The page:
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NCA Response – Proposed Rule for the Serious Deficiency Process

May 17, 2024

SD Proposed Rule Letter

In February 2023, USDA released the proposed rule Serious Deficiency Process in the Child and Adult Care Food Program and Summer Food Service Program. The proposed changes include extending the process to sponsored unaffiliated centers in the CACFP and the Summer Food Service Program. 

After meeting with NCA members and extensive research, NCA provided our response to USDA stating which proposed changes NCA supports and does not support along with potential impacts. 

NCA also created model comments to be used and personalized by our members, resulting in over 150 comments to the proposed rule comment portal within the first week of model comment release.

Executive Summary NCA’s Response to the Proposed Rule

For over two decades, the National CACFP Sponsors Association (NCA) has advocated for improvements to the
serious deficiency process in an effort to achieve due process for institutions and operators of the CACFP. Advocacy

  • 2015 Support for the Serious Deficiency Process priorities in the USDA Report to Congress: Reducing
    Paperwork in the CACFP

    • Support the sponsoring organization’s ability to mediate and fix problems through improvements in
      the serious deficiency process
    • Expand the appeals process to resolve disputes over State-specific requirements
  • 2016 Comment Letter and follow-up letter
  •  2019 Comment Letter

NCA appreciates the opportunity to provide feedback for the Proposed Rule: Serious Deficiency Process in the CACFP and SFSP. Prior to authoring this comment letter, NCA interviewed stakeholders in the CACFP including sponsoring organizations, State agencies and providers, met with other national and regional organizations, held several listening sessions and reviewed feedback from stakeholders. The comments that follow were made with these major goals in mind:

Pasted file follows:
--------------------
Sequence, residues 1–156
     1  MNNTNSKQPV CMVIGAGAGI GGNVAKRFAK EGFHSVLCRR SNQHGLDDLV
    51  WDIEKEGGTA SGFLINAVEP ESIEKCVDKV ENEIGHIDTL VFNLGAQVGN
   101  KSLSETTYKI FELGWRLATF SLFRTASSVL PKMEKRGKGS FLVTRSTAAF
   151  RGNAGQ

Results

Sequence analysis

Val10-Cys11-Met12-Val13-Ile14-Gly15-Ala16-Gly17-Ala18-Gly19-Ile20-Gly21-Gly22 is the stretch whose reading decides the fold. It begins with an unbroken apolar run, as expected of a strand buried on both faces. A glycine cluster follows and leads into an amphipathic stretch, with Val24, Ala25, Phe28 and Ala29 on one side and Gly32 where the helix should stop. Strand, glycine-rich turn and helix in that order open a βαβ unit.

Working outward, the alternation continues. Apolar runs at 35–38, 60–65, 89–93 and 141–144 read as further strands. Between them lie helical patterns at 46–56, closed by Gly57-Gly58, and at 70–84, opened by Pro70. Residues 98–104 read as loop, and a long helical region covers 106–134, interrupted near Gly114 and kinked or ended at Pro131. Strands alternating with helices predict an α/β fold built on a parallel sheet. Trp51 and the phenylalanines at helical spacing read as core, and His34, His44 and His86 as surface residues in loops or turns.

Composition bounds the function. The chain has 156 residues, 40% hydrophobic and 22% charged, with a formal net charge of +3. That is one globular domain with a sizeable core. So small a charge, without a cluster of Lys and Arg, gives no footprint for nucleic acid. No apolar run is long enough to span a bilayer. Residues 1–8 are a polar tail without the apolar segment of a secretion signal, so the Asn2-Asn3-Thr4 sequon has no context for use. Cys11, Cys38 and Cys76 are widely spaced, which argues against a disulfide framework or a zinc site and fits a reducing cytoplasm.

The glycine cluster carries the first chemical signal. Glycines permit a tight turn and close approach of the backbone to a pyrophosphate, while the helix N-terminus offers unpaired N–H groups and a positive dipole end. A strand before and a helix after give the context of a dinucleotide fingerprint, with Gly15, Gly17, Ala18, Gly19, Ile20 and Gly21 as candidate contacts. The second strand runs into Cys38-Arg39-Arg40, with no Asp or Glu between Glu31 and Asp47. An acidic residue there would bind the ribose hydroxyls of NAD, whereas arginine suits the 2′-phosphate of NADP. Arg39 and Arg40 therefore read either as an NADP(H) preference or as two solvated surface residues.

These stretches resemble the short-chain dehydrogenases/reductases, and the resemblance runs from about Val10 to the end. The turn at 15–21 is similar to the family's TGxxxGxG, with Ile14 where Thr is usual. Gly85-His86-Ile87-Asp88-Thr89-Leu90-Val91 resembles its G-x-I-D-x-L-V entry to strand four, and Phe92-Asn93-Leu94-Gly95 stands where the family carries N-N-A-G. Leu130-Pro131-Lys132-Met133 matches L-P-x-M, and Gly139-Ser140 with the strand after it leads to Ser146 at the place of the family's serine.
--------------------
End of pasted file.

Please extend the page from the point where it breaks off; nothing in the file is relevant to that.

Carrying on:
1. The new serious deficiency process is rooted in due process.
  2. Program oversight prioritizes technical assistance and training to encourage and support operators
    continued participation in the program.
  3. The preservation of meal service to children.

USDA Food and Nutrition Service’s (FNS) stated purpose of the serious deficiency process:
“The serious deficiency process provides a systematic way for State agencies and sponsoring organizations to correct serious management problems, and when that effort fails, protect child nutrition program integrity through due process.”

While NCA agrees that the serious deficiency process can be a tool used by State agencies and sponsoring organizations to address program compliance and integrity, NCA strongly believes the serious deficiency process:

  • should be used for truly serious and/or systemic management problems.
  • should be applied fairly and consistently across all States.
  • should NOT be used for findings resulting from inadvertent human error or unintentional administrative error, even if repeated.
  • should be focused on serious mismanagement, abuse, and fraud by institutions and facilities participating in the program.
  • should be limited to federal regulations only and not state-specific requirements.

Feedback obtained through NCA member surveys and interviews indicates that it takes, on average, one year to really learn the CACFP. Several studies indicate the paperwork requirements alone are a barrier to CACFP participation and have increased significantly since 2010 according to stakeholders.

NCA urges FNS to continue to place an emphasis on technical assistance and training. Feedback from stakeholders mentioned the CACFP “can feel punitive” and that the current serious deficiency process specifically was lacking due process. Therefore, NCA recommends FNS provide guidance to encourage State agencies and sponsoring organizations to use continuous technical assistance to resolve findings, even if repeated. Given the complexity of the CACFP, State agencies and sponsoring organization can expect to provide ongoing technical assistance and training to support learning the CACFP and to work to address barriers, such as cultural and language differences to ensure institutions and operators gain full understanding of the requirement of the program.